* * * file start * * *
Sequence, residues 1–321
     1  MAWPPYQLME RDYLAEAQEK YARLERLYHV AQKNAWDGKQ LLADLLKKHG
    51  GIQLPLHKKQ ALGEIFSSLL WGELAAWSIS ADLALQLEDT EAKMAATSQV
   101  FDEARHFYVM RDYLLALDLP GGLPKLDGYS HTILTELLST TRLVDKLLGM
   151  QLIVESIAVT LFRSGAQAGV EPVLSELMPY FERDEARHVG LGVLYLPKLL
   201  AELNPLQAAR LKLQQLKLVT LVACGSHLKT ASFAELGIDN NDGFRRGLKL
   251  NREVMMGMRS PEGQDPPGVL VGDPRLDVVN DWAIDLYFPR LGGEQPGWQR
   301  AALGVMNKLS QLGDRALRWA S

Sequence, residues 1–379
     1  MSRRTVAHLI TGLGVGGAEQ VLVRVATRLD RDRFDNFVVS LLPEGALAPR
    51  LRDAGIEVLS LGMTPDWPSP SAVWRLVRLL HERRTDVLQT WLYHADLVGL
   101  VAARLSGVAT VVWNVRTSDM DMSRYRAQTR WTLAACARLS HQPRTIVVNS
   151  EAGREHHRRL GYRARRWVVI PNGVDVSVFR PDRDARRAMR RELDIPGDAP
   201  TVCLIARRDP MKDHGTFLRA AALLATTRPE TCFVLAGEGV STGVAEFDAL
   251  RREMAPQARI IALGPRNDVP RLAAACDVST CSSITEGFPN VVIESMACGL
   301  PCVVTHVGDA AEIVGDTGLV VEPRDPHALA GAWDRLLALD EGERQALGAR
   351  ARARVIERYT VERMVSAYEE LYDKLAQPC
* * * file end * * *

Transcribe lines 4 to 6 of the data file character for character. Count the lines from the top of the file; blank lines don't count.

   101  FDEARHFYVM RDYLLALDLP GGLPKLDGYS HTILTELLST TRLVDKLLGM
   151  QLIVESIAVT LFRSGAQAGV EPVLSELMPY FERDEARHVG LGVLYLPKLL
   201  AELNPLQAAR LKLQQLKLVT LVACGSHLKT ASFAELGIDN NDGFRRGLKL